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Cat Vaccinations: What Cat Owners Need to Know
Cat Vaccinations can lessen the severity of future diseases, and certain vaccines can prevent infection altogether in your cat., A variety of vaccines are available for use by veterinarians for cats. Any treatment carries some risk, but these risks should be weighed against the benefits of protecting your cat from potentially fatal diseases.
Cat Vaccinations are Critical for Your Cat’s Health
Cat owners should take note of their pet’s current vaccinations, to ensure they’re up to date. Vaccination is an inexpensive, effective means of protecting your cat from a variety of illnesses and diseases so it’s important to be aware of your cat’s immunization schedule.
Forging a relationship with your veterinarian is an important part of this continuum of managing your cat’s health. Your veterinarian will help you understand which vaccines your animal is receiving and will inform you of a regimen you should follow.
What is a vaccine exactly? In layman's terms, a vaccine is an antigen that engages the immune system. When your animals are administered vaccinations, their bodies perceive the vaccine as a threat and the immune system is stimulated. If the animal then comes into contact with that disease, the immune system is prepared to fight and eliminate it. Most animals, when fully vaccinated, prove to be immune to diseases for which they are vaccinated. Side effects of vaccines are rare but if they do occur, your veterinarian can advise you on how best to treat them.
It’s not enough to get only the core vaccines for kittens, revaccinating is also required. This can be every 6 months for an animal in conformation events or competitive sport. It may be annual for breeding animals. It may be every 2 - 3 years. Discuss your cat’s risk factors with your veterinarian. Your veterinarian may also make recommendations on optional vaccinations depending on your location or the animal’s lifestyle.
Sharpen Your Know-how on Cat Vaccines
Q. What diseases are cats commonly vaccinated for?
- Upper respiratory viruses – Calici, Rhinotracheitis, Chlamydia
- Panleukopenia (Feline Distemper)
- Feline Leukemia
Your veterinarian or veterinary technologist will discuss these diseases with you and make recommendations based on the risk level for your cat.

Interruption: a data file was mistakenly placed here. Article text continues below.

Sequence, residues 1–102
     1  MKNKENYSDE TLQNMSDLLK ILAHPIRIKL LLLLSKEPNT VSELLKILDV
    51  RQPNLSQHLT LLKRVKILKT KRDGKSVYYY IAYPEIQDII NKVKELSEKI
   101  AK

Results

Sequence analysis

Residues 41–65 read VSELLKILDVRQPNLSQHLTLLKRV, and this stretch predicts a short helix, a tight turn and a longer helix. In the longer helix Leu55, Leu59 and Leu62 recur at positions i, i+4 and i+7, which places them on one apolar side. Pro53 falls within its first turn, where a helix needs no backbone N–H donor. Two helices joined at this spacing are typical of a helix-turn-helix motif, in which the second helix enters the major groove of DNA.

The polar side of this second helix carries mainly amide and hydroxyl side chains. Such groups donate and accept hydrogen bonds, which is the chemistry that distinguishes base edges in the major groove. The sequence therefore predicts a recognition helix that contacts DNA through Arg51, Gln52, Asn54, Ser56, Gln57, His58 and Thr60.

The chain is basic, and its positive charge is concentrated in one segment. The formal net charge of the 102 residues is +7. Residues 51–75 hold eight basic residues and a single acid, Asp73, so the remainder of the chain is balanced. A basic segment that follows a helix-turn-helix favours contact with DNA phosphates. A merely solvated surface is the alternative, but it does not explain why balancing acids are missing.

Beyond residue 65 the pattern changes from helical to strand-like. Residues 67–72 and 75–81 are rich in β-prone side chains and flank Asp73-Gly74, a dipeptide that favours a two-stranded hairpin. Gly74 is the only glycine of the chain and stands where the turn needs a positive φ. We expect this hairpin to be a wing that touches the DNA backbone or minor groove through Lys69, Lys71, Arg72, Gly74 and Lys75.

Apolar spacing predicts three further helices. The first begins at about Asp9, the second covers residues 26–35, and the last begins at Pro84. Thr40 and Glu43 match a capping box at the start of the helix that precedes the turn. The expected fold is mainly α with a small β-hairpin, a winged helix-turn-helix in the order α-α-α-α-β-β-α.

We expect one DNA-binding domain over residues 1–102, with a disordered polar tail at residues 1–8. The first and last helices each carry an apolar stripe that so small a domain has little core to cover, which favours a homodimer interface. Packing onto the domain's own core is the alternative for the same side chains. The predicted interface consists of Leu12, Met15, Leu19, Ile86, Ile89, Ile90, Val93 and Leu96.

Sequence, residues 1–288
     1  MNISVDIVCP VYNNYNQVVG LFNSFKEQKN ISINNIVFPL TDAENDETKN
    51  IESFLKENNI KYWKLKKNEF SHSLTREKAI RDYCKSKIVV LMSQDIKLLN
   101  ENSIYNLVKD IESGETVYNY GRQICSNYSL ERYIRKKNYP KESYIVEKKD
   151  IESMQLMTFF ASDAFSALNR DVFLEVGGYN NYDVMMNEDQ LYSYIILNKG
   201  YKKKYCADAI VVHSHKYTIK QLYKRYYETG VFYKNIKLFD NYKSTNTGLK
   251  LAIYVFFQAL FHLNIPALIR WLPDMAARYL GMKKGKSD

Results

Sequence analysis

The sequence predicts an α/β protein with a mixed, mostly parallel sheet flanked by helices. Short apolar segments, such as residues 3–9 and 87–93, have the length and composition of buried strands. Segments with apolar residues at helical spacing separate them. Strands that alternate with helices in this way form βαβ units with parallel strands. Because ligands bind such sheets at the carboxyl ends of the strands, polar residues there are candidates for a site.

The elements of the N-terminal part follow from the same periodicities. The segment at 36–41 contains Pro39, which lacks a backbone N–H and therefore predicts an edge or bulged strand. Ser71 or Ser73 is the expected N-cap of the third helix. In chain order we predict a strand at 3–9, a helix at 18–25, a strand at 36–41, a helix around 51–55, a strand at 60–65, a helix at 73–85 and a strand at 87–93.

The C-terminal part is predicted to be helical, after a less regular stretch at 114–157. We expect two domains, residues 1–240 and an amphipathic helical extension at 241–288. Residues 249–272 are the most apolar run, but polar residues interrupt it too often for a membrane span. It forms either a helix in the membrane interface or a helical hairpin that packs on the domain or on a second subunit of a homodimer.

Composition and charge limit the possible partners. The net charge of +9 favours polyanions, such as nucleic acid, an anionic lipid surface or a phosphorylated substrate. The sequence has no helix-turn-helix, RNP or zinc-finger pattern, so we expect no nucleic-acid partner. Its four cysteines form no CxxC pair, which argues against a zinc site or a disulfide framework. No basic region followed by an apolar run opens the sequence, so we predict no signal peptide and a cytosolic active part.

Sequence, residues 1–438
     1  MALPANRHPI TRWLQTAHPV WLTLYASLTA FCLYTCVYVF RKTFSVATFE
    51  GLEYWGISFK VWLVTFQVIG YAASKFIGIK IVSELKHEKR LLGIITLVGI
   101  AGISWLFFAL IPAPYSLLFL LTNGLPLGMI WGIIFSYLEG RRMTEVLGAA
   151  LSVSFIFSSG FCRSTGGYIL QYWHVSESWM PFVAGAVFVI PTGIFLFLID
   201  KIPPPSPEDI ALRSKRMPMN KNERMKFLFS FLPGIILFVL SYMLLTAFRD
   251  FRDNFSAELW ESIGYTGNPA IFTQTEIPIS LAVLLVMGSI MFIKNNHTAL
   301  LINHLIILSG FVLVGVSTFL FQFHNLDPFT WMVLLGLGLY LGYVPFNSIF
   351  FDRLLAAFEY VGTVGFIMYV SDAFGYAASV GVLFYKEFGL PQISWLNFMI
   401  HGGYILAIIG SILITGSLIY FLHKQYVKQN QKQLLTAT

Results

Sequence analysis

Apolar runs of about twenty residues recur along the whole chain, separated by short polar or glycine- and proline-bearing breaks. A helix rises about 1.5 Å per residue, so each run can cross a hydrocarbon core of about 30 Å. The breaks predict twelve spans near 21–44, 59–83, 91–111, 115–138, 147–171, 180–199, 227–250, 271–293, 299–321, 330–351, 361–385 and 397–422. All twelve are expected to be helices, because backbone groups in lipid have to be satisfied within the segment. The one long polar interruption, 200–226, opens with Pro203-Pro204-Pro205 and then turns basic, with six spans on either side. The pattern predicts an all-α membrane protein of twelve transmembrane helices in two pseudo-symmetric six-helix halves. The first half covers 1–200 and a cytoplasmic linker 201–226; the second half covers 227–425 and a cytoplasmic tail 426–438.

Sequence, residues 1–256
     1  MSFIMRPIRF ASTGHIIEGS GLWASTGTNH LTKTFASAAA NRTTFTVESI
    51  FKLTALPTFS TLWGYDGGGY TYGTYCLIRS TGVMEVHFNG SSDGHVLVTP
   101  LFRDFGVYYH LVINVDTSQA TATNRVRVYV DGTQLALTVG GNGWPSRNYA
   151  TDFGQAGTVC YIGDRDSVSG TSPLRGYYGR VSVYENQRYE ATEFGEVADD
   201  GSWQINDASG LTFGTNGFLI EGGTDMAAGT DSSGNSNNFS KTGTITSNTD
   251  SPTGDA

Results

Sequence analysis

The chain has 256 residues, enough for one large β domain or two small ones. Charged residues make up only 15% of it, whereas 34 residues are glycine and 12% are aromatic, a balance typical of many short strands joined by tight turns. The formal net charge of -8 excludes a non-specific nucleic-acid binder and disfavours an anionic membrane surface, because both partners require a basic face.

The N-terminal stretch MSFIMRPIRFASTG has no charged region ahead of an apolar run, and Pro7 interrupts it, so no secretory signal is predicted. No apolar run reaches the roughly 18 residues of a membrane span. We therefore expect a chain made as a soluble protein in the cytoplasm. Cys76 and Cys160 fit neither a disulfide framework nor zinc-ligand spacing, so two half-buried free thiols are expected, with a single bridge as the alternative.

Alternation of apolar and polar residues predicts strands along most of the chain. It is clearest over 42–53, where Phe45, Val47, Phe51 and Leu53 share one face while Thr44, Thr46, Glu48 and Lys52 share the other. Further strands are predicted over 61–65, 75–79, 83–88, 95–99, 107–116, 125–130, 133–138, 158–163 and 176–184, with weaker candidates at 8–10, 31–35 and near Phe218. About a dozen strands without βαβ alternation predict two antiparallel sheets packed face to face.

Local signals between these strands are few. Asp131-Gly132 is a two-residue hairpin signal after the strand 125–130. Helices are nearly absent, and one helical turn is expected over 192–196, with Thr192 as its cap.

Q. How do the vaccinations work?
Most vaccines are made of modified live viruses. The virus has been reproduced multiple times until a non disease causing strain eventually develops. Although no longer dangerous, the virus still causes an immune response that provides protection from the disease.
Q. What are the side effects of these vaccines?
Just like humans, cats can get a bit of a fever or stomach upset and feel a little bit “punky.” There can be local reactions such as swelling, redness or sensitivity, but they don’t happen that frequently. Hives can develop, particularly in dogs, but a couple of injections by the veterinarian can treat the hives.
Severe side effects are rare but may include anaphylaxis (a serious allergic reaction). That usually happens immediately — while they’re still at the clinic and able to get treatment.
An uncommon but serious adverse reaction that can occur with injection sites in cats, including those sites where vaccines are administered, is tumor growth (sarcomas), which can develop weeks, months, or even years after a vaccination. The rate of occurrence of these sarcomas is 1 in 10,000.
Q. What are essential vaccinations for cats?
The essential or core vaccines are usually given as a combination. In cats the combination includes vaccines for feline rhinotracheitis virus (feline herpes virus), feline calcivirus and feline panleukopenia with the rabies vaccine also administered separately.
Recommendations for optional or non core vaccines are based mainly on lifestyle in cats. Your veterinarian or veterinary technologist is your top resource because they can identify which diseases they’re seeing in your area.
Q. When should the vaccination program begin?
For cats, a typical routine will be eight, 12 and 16 weeks for the first vaccinations. Multiple dosages ensure the animal is vaccinated at a point when their level of maternal antibodies — the protection against infectious diseases passed on by the mother — is no longer high enough to defeat the vaccine.
Cats should get the vaccinations again a year later but their schedule may differ after that. Concerns about the risk of a specific cancer, injection site fibrosarcoma, have led to the development of vaccines that induce less inflammation but have shorter term protection. Your veterinarian will make recommendations based on your cat’s risk level.
Q. When should we avoid having our cats vaccinated?
Pregnant or unhealthy cats typically have their vaccines deferred to an appropriate time.
Q. Is there anything else that my kitten needs along with vaccinations?
Yes, your kitten should be checked for internal parasites (worms) and ear mites which are both common in Alberta. External parasites such as lice and fleas are less common and part of the physical examination when checking your pet’s skin. Your veterinary team may request you bring in a fecal sample to check for internal parasites. There are many treatment options available to be prescribed by your veterinarian for parasites.